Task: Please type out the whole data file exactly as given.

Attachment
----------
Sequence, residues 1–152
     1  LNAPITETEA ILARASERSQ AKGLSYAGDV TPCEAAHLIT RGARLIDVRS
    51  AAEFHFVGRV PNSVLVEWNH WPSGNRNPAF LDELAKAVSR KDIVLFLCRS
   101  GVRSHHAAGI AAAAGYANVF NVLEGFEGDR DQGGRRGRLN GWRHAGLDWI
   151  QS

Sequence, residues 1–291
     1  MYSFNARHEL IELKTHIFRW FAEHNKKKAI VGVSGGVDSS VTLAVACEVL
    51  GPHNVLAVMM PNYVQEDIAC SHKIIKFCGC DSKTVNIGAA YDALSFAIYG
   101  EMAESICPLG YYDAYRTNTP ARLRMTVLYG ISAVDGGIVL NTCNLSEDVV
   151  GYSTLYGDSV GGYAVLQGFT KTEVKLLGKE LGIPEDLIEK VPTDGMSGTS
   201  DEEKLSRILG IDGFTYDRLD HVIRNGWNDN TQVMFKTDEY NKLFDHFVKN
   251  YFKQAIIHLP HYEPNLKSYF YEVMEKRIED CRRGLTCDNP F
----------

Sequence, residues 1–152
     1  LNAPITETEA ILARASERSQ AKGLSYAGDV TPCEAAHLIT RGARLIDVRS
    51  AAEFHFVGRV PNSVLVEWNH WPSGNRNPAF LDELAKAVSR KDIVLFLCRS
   101  GVRSHHAAGI AAAAGYANVF NVLEGFEGDR DQGGRRGRLN GWRHAGLDWI
   151  QS

Sequence, residues 1–291
     1  MYSFNARHEL IELKTHIFRW FAEHNKKKAI VGVSGGVDSS VTLAVACEVL
    51  GPHNVLAVMM PNYVQEDIAC SHKIIKFCGC DSKTVNIGAA YDALSFAIYG
   101  EMAESICPLG YYDAYRTNTP ARLRMTVLYG ISAVDGGIVL NTCNLSEDVV
   151  GYSTLYGDSV GGYAVLQGFT KTEVKLLGKE LGIPEDLIEK VPTDGMSGTS
   201  DEEKLSRILG IDGFTYDRLD HVIRNGWNDN TQVMFKTDEY NKLFDHFVKN
   251  YFKQAIIHLP HYEPNLKSYF YEVMEKRIED CRRGLTCDNP F